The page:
Hybrid thermal storage using coil-encapsulated phase change materials

Underwood, C.P., Shepherd, T., Bull, S.J. and Joyce, S. (2018) Hybrid thermal storage using coil-encapsulated phase change materials. Energy and Buildings, 159. pp. 357-369. ISSN 0378-7788

Underwood_et_al_2018 Hybrid thermal storage.pdf - Accepted Version
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Official URL: https://doi.org/10.1016/j.enbuild.2017.10.095


Compact thermal storage using a hybrid phase change material (PCM) store for domestic heating applications is investigated. The primary focus is on thermal demand during the electrical grid-stress period (16:00 h–20:00 h on winter weekdays) when the primary heat source, a heat pump, is turned off. Though this phenomenon may be evident in other countries, the main focus of this work is on electrical grid-stress in UK conditions. In this work, PCM encapsulated in pipe coils surrounded by water in a hot water storage tank is considered. Two alternative samples of salt hydrate are evaluated experimentally and the results are used to inform system modelling. A new model is proposed for relating the enthalpy and temperature of the PCM during melting and solidification. A compact hybrid store design is proposed and a detailed thermal model of the hybrid store with an air-source heat pump is constructed and applied to an example house. Seasonal energy results compared with a conventional water tank are broadly similar but the hybrid store offers better comfort tracking during grid stress periods – average house temperatures falling below 19 °C for 22.7% of the time with a conventional store but only 5.8% of the time using the hybrid store.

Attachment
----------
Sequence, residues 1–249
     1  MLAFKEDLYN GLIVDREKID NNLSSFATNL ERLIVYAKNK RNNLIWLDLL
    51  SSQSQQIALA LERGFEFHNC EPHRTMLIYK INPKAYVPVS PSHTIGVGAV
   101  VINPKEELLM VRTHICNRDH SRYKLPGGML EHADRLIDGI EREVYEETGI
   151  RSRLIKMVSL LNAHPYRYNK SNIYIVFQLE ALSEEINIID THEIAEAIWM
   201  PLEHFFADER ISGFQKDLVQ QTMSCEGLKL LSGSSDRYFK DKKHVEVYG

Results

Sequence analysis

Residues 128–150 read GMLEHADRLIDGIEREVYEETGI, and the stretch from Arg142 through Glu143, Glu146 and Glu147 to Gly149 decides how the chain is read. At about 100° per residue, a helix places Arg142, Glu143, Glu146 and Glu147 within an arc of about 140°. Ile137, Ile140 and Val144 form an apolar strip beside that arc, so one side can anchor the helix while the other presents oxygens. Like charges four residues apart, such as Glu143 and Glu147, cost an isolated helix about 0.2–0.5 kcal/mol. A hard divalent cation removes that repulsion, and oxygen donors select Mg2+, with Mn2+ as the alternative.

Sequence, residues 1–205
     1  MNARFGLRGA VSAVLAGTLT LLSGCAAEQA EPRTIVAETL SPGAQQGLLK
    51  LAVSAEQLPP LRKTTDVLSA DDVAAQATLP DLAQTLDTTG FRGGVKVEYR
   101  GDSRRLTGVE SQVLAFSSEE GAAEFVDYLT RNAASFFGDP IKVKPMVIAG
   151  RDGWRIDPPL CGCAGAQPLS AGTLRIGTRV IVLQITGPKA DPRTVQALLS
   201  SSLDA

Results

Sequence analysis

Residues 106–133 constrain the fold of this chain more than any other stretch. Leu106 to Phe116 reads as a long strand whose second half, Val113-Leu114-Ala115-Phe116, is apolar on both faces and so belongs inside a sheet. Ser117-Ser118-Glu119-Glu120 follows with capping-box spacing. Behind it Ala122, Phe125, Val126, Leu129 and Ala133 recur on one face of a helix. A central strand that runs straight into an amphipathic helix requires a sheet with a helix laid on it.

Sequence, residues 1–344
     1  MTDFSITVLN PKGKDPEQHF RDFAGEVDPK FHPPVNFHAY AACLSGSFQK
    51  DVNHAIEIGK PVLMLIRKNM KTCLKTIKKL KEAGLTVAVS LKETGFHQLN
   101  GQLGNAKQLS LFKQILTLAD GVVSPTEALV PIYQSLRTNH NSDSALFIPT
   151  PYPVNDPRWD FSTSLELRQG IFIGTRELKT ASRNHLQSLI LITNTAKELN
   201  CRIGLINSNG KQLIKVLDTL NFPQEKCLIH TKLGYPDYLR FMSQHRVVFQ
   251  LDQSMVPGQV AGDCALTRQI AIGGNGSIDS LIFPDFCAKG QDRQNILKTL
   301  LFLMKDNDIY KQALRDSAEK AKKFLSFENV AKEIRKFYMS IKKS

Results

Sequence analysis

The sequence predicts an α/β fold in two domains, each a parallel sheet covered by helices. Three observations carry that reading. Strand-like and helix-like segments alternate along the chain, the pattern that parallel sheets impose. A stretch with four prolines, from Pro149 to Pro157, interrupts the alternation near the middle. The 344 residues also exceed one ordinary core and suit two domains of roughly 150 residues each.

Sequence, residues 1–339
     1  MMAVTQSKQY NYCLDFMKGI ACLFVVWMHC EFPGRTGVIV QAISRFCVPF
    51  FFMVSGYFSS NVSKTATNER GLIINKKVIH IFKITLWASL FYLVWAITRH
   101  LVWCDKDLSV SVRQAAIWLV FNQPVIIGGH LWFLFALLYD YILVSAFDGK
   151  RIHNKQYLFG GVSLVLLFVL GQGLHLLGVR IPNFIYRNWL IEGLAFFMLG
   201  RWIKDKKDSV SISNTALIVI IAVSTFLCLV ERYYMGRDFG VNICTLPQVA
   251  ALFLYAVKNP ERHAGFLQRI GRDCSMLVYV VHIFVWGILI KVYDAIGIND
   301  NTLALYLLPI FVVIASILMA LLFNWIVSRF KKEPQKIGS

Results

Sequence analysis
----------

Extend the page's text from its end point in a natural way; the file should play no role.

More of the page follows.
Item Type: Article
Uncontrolled Keywords: Phase change material, PCM, Thermal storage, Heat storage, Air-source heat pump, Domestic heating, Grid-stress
Subjects: H300 Mechanical Engineering
H600 Electronic and Electrical Engineering
Department: Faculties > Engineering and Environment > Mechanical and Construction Engineering
Depositing User: Elena Carlaw
Date Deposited: 06 Mar 2019 16:34
Last Modified: 01 Aug 2021 12:45
URI: http://nrl.northumbria.ac.uk/id/eprint/38319

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